"We'll make you think in new ways"

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Let's think of the 76-year-old Newsweek as a once-lovely house in dire need of restoration. The May 25 edition, which editor Jon Meacham calls a "reinvented and rethought Newsweek," offers a bright new paint job, and a focus on tidiness that would move home-organizing consultants to tears. Does it represent a reinvention of the newsweekly genre? Not yet.

My Newsweek subscription expires in late September, and Meacham has described plans to cut the magazine's circulation in half in 2010. If my writing for GetReligion did not concentrate on magazines, I might volunteer to help Newsweek meet its goal of downward mobility.

During the past few months of discussing his plans for Newsweek, Meacham made these candid remarks to John Koblin of New York:

Mr. Meacham was describing his reader, an increasingly nervous-making bit of hocus-pocus all editors are being asked to do these days.

"People who are interested in politics, who are interested in the world, who are interested in business, and who are interested in culture both high and low whether it's Lionel Trilling or American Idol," he offered. "I think it's largely serious-minded people, but people who don't take themselves too seriously."

Finally, he broke it down. He wants readers who are interested in "what I'm interested in."

Most editors would cop to that sort of egocentrism in a private or drunken moment, but saying it publicly is a bold move. (Disclosure: A former and beloved boss, the Rev. Todd Wetzel, once said to me, "I think you consider our readers a necessary evil." He had a point.)

Turning to a few details in the latest Newsweek:

Pedantry lives. This is the summary callout for Meacham's column, which discards "The Editor's Desk" in favor of "Top of the Week": "We know you already know what the news is. With original reporting and arguments, we'll make you think in new ways." Does nobody at Newsweek realize how condescending this sounds?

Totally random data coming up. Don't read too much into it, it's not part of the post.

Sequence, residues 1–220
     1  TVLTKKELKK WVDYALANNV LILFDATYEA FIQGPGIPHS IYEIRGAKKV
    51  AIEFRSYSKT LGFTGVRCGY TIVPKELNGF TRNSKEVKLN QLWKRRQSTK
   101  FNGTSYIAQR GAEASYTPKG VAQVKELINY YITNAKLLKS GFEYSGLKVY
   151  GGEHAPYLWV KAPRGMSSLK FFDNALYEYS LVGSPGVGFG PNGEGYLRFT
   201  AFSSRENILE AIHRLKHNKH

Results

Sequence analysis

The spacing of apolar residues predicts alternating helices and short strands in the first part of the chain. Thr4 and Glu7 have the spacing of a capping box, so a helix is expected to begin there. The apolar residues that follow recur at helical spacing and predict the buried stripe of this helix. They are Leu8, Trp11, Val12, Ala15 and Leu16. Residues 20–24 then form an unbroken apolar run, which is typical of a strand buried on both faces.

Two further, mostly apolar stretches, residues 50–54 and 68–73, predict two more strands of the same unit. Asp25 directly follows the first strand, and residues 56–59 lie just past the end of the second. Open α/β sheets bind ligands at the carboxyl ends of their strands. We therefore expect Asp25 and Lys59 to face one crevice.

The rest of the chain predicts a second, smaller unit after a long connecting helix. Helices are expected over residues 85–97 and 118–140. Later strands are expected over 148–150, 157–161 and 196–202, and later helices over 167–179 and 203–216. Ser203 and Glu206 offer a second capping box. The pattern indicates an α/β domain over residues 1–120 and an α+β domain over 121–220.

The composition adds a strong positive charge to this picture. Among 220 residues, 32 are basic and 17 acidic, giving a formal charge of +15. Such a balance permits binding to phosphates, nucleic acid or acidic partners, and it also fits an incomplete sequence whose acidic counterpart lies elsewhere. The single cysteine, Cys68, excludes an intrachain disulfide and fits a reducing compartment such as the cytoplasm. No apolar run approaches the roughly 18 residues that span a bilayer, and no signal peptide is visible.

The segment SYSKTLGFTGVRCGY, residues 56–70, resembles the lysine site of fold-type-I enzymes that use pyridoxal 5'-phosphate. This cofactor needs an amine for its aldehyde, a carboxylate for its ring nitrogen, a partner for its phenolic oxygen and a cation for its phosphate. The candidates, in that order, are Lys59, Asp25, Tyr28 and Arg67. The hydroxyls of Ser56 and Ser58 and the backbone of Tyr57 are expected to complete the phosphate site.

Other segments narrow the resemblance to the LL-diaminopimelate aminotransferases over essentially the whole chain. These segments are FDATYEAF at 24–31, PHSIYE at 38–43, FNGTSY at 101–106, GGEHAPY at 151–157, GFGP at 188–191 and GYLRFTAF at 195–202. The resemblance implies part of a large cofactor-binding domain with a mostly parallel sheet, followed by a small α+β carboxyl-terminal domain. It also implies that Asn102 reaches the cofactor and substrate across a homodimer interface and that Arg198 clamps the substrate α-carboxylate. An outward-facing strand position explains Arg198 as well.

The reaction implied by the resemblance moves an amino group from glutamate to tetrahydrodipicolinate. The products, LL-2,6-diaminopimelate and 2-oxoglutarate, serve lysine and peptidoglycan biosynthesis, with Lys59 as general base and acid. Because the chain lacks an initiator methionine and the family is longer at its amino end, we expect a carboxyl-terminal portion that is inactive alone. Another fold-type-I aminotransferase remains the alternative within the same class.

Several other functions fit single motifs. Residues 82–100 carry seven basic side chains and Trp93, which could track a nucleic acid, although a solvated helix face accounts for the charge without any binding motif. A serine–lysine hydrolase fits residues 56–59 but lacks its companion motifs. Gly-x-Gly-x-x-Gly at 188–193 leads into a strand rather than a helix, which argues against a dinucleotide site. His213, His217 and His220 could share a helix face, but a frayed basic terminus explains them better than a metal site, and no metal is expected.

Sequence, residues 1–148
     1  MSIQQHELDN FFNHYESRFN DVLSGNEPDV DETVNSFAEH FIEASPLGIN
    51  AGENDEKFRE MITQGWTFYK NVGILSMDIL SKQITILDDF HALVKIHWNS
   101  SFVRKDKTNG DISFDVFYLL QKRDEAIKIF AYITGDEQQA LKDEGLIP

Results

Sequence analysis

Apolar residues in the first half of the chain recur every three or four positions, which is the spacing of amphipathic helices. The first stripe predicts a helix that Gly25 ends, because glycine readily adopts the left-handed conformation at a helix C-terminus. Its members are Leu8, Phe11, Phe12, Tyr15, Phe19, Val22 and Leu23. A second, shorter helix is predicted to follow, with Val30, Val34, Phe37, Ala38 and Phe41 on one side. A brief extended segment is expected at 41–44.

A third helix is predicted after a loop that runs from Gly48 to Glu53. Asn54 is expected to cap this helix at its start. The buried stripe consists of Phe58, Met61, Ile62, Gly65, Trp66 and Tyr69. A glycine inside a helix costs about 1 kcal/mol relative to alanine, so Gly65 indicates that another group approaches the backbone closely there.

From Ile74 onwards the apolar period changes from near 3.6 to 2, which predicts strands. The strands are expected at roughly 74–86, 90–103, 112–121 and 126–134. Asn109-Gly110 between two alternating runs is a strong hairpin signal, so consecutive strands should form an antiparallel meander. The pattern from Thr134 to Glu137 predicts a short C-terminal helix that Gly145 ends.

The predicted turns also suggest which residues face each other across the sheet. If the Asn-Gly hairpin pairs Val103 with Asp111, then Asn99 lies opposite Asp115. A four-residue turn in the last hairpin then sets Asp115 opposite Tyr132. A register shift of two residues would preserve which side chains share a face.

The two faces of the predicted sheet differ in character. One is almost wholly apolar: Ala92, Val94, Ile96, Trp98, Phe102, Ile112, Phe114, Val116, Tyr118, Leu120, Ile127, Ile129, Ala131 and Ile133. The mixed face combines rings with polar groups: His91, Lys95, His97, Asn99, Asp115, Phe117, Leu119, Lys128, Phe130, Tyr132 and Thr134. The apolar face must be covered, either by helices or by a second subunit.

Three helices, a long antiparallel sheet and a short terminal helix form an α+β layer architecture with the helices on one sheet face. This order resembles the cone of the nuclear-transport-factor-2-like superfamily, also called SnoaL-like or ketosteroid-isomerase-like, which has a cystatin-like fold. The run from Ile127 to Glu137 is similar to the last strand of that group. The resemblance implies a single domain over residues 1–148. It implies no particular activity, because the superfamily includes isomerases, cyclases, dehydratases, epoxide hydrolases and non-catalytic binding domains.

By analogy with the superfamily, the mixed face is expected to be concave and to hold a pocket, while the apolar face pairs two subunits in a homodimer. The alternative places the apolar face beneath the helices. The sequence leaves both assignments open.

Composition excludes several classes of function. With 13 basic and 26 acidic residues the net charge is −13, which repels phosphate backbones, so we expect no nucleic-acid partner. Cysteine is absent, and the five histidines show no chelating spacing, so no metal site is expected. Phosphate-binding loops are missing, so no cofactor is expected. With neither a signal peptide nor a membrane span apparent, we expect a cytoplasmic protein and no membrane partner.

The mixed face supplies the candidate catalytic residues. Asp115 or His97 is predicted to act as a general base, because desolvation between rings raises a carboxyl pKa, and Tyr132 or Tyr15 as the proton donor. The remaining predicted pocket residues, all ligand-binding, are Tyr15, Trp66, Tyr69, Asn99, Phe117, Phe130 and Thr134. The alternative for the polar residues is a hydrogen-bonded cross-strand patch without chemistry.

Similarly, rather than a brisk "Please Recycle" or a description of how much post-consumer paper it uses, Newsweek offers this green homily:

Recycling old magazines, catalogs and newspapers is one of the easiest ways to help the environment. To increase the supply of recoverable wood fiber and to reduce the demand on the world's landfills, Newsweek urges our [sic] readers to support recycling efforts in their communities.

Amid all the moral seriousness, Newsweek publishes a full-page cheesecake shot of Miss California Carrie Prejean -- for which Meacham is teased in the Morning Joe video atop this post.

Dumbing nonpartisan down. More from Meacham's "Top of the Week" column:

We think what we do is important, but in the end what matters more is whether you think so, and in so thinking, whether you find that our work repays the investment of your time. And so the magazine you are holding now -- the first issue of a reinvented and rethought Newsweek -- represents our best effort to bring you original reporting, provocative (but not partisan) arguments and unique voices.

... There will, for the most part, be two kinds of stories in the new Newsweek. The first is the reported narrative -- a piece, grounded in original observations and freshly discovered fact, that illuminates the important and the interesting. The second is the argued essay -- a piece, grounded in reason and supported by evidence, that makes the case for something.

I appreciate the distinction Meacham draws between reporting and "the argued essay," and he shows greater candor about Newsweek's style of covering volatile stories. I also remember that Meacham wrote these words in the Newsweek of Dec. 15, 2008, with its cover story on gay marriage:

Given the history of the making of the Scriptures and the millennia of critical attention scholars and others have given to the stories and injunctions that come to us in the Hebrew Bible and the Christian New Testament, to argue that something is so because it is in the Bible is more than intellectually bankrupt -- it is unserious, and unworthy of the great Judeo-Christian tradition.

If this is Meacham's idea of reasonable argument, even in the brief space of "The Editor's Desk," I hereby nominate Karl Rove for the Nobel Peace Prize.

Religion is still cool. Meacham has taken religion seriously throughout his tenure at Newsweek, and for that much I'm thankful. The clearest example in this week's issue is Lisa Miller's column that offers public-relations tips to Pope Benedict XVI.

Once she gets past predictable finger-wagging about the Pope's handling of schismatic bishops (once again reduced to the one Holocaust-denying nut in the mix) and his continued opposition to condoms, Miller turns in a witty and informative piece that draws advice from four PR specialists. My favorite advice to the pontiff, amid all the second-guessing: "Be yourself."

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